There is quite the scenario that the Oracle Cost-Based Optimizer (CBO) uses when deciding when to use indexes to process your SQL. I go into this in great detail in my SQL Performance Tuning course (click here for details).
Clustering factor is the relationship between the order of the table and the order of the index. Indexes are always stored in key value sequence. Tables are stored in the order of the inserts…generally. There are a few more factors that might alter this but for the most part, inserts are added to the end of the table.
So, if you have a primary key index and a sequence generator for this said primary key, this index and the table will be in the same order.
Clustering factor comes into play with Range Scan operations when executing your SQL (review explain plans and the index access to see if you are performing a range scan…). At any rate, this is a common way to process your SQL using indexes when you are asking for:
- Repeating values
- Greater than
You can run this report in Toad if you like.
Email me and ask for my Index_Info.sql report. This report shows you a variety of stats on your indexes. The clustering factor will play a big part on whether Oracle chooses to use the index or not.
The higher the clustering factor, the more the index points to different data blocks. Indexes are efficient when they point to just a few of the table data blocks…
Oracle has always had this 20% factor…in that…if more than 20% of the table is going to be accessed, Oracle will probably do a full-table scan operation on the table rather than using an index.
Notice the A B and C tables in the red circle above. I did the math for you on the clustering factor giving this Index Quality column! …a clever use of newer SQL syntax…the inline Case statement …anyway… This Index Quality is based on < 5% clustering factor (divide clustering factor by number of rows)…is Excellent, < 10% is Good, < 15% is Fair, and anything > 20% is Poor. I want to add the actual percentage sometime…because Oracle could use the index on a ‘poor’ rating if the clustering factor percent is close to 20%…depending of course, what you are asking for in the WHERE clause.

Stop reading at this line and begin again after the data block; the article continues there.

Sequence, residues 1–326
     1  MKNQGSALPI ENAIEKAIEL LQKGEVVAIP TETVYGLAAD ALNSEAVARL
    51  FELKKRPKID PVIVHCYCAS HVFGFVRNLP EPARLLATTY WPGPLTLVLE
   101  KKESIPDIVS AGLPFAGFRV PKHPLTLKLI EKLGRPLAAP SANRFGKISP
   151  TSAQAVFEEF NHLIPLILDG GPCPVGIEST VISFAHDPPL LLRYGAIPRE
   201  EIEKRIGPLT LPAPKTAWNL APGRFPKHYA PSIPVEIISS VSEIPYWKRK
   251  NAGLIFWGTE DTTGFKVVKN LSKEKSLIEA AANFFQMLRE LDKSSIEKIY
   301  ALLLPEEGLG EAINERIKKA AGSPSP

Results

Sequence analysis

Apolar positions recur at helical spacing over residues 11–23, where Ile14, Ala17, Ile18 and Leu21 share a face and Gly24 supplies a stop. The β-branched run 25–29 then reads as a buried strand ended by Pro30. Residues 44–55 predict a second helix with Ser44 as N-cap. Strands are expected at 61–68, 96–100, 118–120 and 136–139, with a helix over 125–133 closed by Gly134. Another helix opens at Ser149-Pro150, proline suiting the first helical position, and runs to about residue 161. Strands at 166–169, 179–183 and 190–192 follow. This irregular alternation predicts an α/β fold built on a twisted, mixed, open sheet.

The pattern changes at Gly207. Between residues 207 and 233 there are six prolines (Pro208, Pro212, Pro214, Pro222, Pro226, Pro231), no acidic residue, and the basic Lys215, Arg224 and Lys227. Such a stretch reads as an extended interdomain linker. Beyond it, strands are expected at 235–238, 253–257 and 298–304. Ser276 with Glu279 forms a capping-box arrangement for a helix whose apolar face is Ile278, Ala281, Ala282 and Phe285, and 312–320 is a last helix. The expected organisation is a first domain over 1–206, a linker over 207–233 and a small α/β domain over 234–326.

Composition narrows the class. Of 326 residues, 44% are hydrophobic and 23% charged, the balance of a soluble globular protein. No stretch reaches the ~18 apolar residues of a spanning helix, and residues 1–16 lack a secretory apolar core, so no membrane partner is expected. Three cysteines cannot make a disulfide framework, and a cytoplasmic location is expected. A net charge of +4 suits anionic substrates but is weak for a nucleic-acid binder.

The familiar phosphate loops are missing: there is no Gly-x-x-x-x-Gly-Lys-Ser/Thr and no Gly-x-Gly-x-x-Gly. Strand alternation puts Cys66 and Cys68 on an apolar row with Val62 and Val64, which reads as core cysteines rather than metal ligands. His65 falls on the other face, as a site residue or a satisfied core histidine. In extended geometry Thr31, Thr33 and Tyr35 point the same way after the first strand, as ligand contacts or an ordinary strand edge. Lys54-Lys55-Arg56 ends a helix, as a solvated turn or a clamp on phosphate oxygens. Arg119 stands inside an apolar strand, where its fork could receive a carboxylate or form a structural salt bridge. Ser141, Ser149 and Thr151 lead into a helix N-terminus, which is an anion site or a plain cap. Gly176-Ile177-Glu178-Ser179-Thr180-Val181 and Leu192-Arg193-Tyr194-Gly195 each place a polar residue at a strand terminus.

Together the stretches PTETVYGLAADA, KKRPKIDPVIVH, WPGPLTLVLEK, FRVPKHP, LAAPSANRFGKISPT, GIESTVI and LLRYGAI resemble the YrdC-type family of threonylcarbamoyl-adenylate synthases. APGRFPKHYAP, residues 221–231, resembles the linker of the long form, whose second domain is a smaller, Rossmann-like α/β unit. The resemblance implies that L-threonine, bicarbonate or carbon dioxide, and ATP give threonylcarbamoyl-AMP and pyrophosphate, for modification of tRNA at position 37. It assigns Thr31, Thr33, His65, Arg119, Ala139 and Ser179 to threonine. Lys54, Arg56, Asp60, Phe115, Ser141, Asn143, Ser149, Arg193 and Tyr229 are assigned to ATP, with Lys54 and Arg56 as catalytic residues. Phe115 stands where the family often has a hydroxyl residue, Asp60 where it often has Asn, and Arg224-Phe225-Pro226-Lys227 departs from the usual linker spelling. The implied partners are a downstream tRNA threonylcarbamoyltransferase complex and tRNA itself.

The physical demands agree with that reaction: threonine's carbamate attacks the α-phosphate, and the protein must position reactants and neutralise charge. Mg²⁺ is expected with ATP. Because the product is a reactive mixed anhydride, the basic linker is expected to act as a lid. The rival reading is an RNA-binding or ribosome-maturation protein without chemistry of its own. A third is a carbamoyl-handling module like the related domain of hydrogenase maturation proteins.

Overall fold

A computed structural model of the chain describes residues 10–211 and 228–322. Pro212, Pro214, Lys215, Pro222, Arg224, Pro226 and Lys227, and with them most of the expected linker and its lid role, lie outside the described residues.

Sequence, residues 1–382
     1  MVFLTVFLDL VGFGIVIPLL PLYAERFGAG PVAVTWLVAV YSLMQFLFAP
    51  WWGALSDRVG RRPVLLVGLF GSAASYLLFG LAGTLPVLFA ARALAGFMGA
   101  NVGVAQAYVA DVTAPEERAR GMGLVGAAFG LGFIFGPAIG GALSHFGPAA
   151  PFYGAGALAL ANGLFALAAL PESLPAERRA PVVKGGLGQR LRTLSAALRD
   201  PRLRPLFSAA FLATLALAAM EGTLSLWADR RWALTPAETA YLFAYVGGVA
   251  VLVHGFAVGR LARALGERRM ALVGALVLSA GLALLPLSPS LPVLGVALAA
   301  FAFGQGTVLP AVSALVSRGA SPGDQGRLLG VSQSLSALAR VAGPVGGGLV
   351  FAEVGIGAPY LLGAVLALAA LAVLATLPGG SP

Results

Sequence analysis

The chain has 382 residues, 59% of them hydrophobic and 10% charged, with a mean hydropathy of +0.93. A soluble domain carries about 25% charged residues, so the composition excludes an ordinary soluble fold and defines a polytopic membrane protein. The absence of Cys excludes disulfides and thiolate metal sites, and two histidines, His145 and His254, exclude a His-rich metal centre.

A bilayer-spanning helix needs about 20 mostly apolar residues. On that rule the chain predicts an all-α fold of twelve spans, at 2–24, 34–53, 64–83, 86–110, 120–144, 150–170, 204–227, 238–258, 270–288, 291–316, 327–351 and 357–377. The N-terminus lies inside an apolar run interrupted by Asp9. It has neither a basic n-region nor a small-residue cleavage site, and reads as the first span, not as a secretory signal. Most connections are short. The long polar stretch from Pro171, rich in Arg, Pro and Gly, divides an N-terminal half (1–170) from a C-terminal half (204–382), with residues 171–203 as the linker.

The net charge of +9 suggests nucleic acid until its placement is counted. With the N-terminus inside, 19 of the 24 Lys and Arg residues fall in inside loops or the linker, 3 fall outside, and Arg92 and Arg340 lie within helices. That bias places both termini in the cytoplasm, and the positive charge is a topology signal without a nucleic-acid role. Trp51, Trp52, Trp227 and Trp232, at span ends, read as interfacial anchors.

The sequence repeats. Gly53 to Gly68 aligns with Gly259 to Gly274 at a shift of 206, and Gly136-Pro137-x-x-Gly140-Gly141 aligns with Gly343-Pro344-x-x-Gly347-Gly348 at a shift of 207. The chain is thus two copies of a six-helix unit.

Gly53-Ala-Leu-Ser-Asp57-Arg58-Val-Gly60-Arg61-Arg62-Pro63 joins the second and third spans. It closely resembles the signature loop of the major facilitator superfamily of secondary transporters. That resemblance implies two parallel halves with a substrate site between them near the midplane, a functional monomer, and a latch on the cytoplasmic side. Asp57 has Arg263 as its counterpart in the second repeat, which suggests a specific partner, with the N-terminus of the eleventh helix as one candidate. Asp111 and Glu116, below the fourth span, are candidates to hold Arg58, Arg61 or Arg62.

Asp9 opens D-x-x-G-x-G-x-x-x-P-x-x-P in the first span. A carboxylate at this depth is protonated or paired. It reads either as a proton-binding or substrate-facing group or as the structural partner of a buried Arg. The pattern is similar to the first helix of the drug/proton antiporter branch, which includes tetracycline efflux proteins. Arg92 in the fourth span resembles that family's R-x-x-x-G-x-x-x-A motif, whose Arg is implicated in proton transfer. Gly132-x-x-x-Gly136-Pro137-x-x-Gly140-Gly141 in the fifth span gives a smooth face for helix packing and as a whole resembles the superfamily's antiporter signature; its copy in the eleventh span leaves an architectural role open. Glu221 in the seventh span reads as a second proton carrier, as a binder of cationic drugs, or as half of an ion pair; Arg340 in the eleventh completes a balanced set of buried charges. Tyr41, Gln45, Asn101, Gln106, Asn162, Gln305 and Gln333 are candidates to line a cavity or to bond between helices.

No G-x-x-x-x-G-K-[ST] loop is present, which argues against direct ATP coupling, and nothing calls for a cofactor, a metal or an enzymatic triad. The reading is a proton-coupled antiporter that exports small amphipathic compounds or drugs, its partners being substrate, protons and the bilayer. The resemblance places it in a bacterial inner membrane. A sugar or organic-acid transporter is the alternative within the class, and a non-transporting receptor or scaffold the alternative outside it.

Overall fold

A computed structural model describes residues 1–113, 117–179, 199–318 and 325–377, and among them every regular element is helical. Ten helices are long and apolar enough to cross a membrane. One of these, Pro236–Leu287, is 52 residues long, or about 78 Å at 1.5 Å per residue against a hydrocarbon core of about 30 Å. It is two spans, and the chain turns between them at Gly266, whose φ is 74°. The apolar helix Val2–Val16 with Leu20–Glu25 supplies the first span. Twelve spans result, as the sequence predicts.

So…the indexes in the B table will always be used. The A_STATUS_IND index on the A table will be used. The other index on the A table and the index on the C table will never be used. These become wasted space and more importantly…wasted time for Oracle to maintain on any DML operation!!! Also take notice of some of the indexes on the MASTER table. Some will be considered, others will never be used.
Clustering factor is not used on individual row lookups…just on range scans…
I have a fun scenario where I have a great working example, when you mix this with my Index Monitoring scripts…perhaps an article soon!